48 Hours accompanied them. Producing this story involved going along for the ride, which turned out to be very, very long. Producer Diane Ronnau and Associate Producer Stuart Miller filed this first-person report about their experience.
Our tornado adventure began innocently enough, at the National rental car booth at Will Rogers World Airport in Oklahoma City. While filling out the paperwork for our Chevy Suburban truck, the rental agent told us that if we drove more than 3,000 miles, we would be charged 35 cents for every mile. Three thousand miles, we thought! How could we possibly drive more than 3,000 miles?
Well, 11 days and 5,000 miles later in Denver, we knew. When you're tornado chasing, you're really tornado chasing.
Our little jaunt through the Midwest covered 11 states and two time zones. We drove through the state of Nebraska five times - in two days. We drove on dirt roads and cobblestone roads, through deserts and forests, in sunshine and rain, at night and during the day, and, well, you get the picture.
Along for the ride were cameraman Mark Smith, his wife Tricie Chua, who was the sound person, and Correspondent Harold Dow.
When you're on the road for that long, you learn a lot of things about yourself, your country and your co-workers. For example, at Mount Rushmore, we stopped on the side of the road to pet a herd of wild donkeys. We'd never seen a herd of wild donkeys before.
That was interesting to us, as was a conversation we had with a farmer at a truck stop in North Dakota. On his farm, he had a problem. Grizzlies were eating his cows. Grizzly bears were his problem. We live in Manhattan (New York, not Kansas), and we've never had a grizzly bear problem or even known anyone who had a grizzly bear problem.
Mostly, we drove through beautiful country and had beautiful weather. You know the song America? Well, it's the real deal! We hit the spacious skies in Sidney, Mont., the amber waves of grain near Liberal, Kan., and while we didn't see the purple mountains majesty, we did see the Badlands of South Dakota.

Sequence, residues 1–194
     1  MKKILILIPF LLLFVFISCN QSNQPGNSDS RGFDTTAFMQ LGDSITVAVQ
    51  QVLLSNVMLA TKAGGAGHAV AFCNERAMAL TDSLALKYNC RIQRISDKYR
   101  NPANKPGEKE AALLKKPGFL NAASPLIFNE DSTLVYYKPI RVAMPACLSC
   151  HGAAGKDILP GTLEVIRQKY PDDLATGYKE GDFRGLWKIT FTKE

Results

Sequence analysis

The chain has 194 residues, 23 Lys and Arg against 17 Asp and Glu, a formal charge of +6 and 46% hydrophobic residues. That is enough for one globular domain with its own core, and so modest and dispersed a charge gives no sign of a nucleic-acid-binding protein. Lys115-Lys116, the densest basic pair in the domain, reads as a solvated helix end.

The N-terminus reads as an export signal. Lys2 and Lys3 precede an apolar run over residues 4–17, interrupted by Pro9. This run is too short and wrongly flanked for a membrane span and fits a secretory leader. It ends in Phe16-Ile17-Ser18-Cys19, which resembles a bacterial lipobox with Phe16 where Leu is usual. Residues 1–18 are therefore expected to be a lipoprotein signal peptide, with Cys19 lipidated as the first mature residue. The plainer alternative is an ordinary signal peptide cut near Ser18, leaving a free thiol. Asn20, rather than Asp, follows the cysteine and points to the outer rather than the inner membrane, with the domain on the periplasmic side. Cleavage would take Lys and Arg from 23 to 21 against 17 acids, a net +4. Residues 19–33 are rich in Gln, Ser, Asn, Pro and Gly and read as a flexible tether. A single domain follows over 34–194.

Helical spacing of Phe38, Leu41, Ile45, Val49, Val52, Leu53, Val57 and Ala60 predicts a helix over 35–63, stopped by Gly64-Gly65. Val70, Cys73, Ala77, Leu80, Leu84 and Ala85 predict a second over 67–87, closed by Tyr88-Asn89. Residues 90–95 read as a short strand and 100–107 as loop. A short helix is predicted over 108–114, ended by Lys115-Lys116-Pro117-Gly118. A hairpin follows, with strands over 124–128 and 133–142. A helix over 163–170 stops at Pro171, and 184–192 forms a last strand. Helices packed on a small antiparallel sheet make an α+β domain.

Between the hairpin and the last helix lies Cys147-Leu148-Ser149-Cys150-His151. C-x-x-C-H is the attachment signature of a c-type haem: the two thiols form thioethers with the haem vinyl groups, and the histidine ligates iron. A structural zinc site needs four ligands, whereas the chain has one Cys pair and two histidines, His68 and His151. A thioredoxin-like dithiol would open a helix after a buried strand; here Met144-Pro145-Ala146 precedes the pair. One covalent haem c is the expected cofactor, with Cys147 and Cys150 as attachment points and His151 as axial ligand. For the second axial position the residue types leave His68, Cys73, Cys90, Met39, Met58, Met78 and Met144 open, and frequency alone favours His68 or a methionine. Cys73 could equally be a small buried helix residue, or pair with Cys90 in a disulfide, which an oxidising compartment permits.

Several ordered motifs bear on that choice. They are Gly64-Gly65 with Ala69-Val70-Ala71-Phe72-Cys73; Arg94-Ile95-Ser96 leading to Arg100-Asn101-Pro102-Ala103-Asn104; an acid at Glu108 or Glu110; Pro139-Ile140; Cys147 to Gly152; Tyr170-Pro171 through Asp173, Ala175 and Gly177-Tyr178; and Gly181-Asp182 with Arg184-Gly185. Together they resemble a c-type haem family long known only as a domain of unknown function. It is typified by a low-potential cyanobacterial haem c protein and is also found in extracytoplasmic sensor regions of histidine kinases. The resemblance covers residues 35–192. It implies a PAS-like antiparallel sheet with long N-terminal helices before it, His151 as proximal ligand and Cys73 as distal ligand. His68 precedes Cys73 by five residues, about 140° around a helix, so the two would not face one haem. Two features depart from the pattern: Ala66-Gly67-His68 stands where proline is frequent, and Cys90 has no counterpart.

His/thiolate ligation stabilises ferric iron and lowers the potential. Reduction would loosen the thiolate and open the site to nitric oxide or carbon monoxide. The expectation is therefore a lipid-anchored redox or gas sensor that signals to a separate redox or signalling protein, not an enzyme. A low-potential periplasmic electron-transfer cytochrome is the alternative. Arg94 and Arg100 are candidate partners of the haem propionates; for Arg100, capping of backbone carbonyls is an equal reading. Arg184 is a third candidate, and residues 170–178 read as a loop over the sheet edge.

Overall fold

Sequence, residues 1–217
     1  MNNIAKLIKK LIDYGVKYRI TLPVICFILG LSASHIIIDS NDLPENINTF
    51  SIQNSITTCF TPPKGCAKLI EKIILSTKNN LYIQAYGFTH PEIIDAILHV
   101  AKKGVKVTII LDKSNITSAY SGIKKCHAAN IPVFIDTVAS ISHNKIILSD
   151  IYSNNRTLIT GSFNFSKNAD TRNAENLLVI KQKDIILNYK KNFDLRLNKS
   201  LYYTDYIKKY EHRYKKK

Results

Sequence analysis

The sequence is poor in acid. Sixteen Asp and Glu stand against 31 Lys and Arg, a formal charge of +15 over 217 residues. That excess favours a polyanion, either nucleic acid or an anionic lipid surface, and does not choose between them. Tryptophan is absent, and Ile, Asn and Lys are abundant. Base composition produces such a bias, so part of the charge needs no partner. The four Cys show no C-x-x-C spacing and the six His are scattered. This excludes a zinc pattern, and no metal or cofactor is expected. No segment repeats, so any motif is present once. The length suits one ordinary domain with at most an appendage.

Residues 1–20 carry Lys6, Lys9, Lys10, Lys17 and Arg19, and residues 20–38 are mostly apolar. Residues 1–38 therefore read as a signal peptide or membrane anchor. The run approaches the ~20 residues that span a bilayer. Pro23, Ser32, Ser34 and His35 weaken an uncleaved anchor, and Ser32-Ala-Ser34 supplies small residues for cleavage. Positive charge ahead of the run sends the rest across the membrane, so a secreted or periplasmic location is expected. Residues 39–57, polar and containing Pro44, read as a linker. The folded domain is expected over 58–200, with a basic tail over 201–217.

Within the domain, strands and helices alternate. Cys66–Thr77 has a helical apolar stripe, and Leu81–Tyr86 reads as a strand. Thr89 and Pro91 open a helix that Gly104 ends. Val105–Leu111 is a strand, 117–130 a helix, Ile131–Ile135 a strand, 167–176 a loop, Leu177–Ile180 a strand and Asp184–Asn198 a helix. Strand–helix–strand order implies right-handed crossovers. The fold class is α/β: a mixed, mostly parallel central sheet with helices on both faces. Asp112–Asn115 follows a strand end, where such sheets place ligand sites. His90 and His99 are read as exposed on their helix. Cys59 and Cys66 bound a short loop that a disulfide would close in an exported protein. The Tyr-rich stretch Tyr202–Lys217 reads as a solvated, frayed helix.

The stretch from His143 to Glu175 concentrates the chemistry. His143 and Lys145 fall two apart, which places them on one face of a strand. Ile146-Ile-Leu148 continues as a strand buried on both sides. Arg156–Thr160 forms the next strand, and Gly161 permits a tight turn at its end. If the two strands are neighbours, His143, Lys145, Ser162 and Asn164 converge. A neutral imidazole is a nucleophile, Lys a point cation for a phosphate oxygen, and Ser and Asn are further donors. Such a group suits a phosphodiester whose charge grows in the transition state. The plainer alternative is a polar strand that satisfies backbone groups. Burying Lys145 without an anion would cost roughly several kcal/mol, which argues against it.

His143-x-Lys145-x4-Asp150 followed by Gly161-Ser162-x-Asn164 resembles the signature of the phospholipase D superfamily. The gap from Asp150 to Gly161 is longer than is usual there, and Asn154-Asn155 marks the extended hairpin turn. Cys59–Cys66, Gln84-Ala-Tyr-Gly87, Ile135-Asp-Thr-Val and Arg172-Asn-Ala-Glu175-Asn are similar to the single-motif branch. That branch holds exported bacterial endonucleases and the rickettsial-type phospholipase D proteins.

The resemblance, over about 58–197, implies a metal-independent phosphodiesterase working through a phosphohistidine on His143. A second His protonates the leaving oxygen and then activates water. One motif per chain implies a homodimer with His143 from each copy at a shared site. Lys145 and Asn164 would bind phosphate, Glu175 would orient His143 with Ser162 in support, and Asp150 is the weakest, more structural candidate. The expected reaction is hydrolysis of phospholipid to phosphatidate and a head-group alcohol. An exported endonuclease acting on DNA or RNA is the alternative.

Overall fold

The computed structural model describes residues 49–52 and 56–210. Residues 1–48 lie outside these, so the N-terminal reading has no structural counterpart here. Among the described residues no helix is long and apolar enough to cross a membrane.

At a restaurant in Amarillo, Texas, we saw something else memorable: a 72-ounce steak. If you ate the whole thing you didn't have to pay for it. We decided to pass.
The scenery was simply stunning, but as beautiful as it was (our favorite was South Dakota, which is pretty no matter where you are), we couldn't lose sight of our mission: to keep the front windshield absolutely clean at all times. There was always the chance that we would have to shoot a tornado through the window on short notice. With the dirt and bugs on these back country roads, keeping that glass gleaming was easier said than done.
Through the first week we had great weather, which was bad news. Our hopes oseeing a tornado were fading fast, along with the group's. We downgraded our hopes, from seeing a powerful tornado to simply getting some rain.
Heck, we'd have even settled for gray skies. But then, after a week of exhausting chasing, the moment of truth arrived! Outside York, Neb., we finally saw what we were looking for: a small, skinny tornado, which touched down in the middle of a field. The group was ecstatic, and so were we.
Mission accomplished. Time to go home. Hurricane season is right around the corner.